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New Taxes and the American States: The Social Origins of Fiscal Citizenship Debates, 1945-1970


Scholars have documented that a new type of fiscal compact took hold in the United States during the twentieth century as taxpayers supported progressive taxation on incomes in exchange for public investments by government aimed at securing widespread prosperity. Yet by focusing primarily on the national level, existing literature examining the link between tax structure and social policy in the United States has missed a key element of American fiscal exceptionalism. By moving to the state level, my analysis finds that very different fiscal bargains, or models of “fiscal citizenship,” developed across the American states between the late 1940s and early 1970s, in many cases dramatically departing from the national model. Indeed, in some states, taxes were understood not as a way to underwrite progressive investments but rather as a means to force groups “escaping” taxation to contribute more toward the cost of government, as a way of preserving an exclusionary social order, or as a tool for purchasing autonomy from federal intervention.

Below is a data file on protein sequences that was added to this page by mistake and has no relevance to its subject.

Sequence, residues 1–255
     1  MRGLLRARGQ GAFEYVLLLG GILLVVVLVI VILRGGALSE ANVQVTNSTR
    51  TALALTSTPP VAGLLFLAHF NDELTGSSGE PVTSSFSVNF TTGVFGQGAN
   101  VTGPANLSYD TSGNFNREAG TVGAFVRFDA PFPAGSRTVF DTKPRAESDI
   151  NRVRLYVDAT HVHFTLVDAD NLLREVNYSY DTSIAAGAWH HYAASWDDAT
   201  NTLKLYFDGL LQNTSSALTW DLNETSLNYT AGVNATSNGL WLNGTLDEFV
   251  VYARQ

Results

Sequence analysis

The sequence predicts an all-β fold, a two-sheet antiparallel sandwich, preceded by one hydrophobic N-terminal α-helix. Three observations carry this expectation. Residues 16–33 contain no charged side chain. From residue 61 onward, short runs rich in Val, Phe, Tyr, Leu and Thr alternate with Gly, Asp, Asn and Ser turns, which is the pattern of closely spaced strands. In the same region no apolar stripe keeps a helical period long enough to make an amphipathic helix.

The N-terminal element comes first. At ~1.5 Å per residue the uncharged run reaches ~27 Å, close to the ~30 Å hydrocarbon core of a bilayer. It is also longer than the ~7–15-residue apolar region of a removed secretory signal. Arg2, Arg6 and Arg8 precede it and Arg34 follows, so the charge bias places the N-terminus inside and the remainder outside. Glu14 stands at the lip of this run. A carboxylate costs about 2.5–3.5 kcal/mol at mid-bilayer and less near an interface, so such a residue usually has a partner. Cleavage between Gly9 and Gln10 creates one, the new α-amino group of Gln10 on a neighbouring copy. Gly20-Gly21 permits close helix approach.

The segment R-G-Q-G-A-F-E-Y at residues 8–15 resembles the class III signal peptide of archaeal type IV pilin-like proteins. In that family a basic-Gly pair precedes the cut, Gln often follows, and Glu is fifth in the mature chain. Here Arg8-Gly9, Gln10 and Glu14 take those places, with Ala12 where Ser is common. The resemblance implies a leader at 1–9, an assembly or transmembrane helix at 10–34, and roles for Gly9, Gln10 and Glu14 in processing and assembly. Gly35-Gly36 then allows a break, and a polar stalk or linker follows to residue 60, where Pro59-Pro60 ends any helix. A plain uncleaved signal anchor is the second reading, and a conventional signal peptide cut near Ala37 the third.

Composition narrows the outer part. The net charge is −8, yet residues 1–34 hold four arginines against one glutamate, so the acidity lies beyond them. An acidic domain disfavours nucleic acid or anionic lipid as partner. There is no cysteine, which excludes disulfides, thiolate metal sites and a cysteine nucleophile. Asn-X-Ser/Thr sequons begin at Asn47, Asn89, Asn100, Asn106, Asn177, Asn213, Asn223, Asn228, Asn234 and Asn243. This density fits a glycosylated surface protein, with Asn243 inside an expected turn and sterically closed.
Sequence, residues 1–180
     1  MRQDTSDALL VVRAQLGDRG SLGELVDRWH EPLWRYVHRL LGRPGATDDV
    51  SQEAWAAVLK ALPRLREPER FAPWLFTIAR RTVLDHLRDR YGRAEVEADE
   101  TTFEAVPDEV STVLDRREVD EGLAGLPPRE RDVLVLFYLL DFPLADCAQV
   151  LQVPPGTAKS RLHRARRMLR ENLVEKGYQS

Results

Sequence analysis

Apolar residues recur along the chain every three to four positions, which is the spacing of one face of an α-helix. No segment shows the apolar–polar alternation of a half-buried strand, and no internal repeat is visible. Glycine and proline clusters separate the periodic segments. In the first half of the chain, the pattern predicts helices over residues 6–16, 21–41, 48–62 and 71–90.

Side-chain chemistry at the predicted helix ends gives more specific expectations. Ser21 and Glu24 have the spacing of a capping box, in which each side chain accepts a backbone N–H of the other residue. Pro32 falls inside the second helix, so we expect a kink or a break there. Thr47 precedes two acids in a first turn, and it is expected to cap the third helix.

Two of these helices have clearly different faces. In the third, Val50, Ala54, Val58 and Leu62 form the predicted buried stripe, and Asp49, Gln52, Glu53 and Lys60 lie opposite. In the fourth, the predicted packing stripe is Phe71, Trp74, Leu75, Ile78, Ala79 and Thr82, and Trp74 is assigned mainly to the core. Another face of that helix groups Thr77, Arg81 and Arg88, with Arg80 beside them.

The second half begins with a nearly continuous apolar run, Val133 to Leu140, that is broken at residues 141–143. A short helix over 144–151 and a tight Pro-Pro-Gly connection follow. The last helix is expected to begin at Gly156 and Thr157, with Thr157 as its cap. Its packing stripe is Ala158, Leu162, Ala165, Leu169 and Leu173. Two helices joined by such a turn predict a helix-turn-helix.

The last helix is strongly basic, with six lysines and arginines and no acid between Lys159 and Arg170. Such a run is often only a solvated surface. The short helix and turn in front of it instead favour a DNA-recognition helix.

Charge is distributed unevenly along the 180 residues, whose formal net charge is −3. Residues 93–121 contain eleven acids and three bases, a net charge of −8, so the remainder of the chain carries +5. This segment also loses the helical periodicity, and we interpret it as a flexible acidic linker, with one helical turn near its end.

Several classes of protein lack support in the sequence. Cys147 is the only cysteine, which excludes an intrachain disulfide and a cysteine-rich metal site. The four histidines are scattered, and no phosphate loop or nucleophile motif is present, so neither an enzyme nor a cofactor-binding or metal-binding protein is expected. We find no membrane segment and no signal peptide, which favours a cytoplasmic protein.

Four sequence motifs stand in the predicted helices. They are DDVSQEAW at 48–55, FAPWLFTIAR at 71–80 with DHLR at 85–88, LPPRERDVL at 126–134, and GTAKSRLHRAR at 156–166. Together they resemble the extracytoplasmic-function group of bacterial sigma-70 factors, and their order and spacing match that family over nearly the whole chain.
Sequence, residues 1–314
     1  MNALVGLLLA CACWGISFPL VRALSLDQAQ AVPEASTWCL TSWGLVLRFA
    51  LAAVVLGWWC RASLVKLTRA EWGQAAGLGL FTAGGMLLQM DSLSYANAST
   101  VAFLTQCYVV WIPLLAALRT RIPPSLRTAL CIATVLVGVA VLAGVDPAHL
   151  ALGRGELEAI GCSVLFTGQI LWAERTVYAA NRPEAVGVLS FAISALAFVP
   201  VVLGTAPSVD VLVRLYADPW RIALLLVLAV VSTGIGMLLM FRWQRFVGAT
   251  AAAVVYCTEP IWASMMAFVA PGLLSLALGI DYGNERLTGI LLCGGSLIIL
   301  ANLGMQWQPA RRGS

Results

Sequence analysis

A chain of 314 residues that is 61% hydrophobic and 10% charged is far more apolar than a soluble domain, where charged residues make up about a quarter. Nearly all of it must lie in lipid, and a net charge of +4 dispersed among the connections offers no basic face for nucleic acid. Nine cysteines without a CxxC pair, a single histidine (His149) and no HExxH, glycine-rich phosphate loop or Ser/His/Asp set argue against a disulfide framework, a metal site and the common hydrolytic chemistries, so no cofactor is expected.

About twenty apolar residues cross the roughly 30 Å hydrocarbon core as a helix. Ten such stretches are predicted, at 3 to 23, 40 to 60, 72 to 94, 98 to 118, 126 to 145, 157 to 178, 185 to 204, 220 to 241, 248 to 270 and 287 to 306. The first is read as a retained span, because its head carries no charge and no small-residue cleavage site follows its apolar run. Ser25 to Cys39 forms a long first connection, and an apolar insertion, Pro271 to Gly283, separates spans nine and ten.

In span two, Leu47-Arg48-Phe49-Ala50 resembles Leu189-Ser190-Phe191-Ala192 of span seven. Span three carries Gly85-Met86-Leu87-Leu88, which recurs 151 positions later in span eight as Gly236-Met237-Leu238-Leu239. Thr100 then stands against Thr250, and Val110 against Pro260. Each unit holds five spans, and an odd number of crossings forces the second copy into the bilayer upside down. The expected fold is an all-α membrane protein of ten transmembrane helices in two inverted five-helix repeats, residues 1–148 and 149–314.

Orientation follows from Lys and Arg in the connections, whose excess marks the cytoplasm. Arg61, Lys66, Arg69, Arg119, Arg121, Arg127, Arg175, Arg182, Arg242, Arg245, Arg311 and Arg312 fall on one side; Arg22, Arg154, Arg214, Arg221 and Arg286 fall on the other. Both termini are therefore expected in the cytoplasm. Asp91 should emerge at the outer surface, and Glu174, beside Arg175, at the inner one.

Understanding the factors shaping this period of reforms is critical for strengthening theories of the exceptional American welfare state, particularly since the United States is distinctive in its strong reliance on state-level revenue generation to support social policy expenditures. In this dissertation, I examine what factors were responsible for the development of such diverse fiscal compacts across the American states by undertaking a comparative historical analysis of four key cases of state tax reform: New York, Texas, Georgia, and South Carolina. I find that types of social contracts negotiated between taxpayers and the American states during these critical tax debates depended on the balance of power between labor and business groups and the prevailing racial order in each state.

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